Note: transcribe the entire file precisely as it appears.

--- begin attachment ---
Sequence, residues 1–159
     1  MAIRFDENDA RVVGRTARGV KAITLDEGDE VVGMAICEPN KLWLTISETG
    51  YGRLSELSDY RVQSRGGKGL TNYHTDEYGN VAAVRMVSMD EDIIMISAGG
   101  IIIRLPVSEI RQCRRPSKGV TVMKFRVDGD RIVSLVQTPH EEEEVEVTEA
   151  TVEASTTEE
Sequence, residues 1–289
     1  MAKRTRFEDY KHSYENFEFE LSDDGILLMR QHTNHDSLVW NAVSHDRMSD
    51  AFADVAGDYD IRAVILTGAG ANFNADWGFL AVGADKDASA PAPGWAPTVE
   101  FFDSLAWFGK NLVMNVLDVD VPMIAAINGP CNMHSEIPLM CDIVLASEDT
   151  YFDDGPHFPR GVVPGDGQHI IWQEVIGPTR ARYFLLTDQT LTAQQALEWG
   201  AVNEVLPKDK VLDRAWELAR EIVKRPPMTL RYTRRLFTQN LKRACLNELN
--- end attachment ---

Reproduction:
Sequence, residues 1–159
     1  MAIRFDENDA RVVGRTARGV KAITLDEGDE VVGMAICEPN KLWLTISETG
    51  YGRLSELSDY RVQSRGGKGL TNYHTDEYGN VAAVRMVSMD EDIIMISAGG
   101  IIIRLPVSEI RQCRRPSKGV TVMKFRVDGD RIVSLVQTPH EEEEVEVTEA
   151  TVEASTTEE
Sequence, residues 1–289
     1  MAKRTRFEDY KHSYENFEFE LSDDGILLMR QHTNHDSLVW NAVSHDRMSD
    51  AFADVAGDYD IRAVILTGAG ANFNADWGFL AVGADKDASA PAPGWAPTVE
   101  FFDSLAWFGK NLVMNVLDVD VPMIAAINGP CNMHSEIPLM CDIVLASEDT
   151  YFDDGPHFPR GVVPGDGQHI IWQEVIGPTR ARYFLLTDQT LTAQQALEWG
   201  AVNEVLPKDK VLDRAWELAR EIVKRPPMTL RYTRRLFTQN LKRACLNELN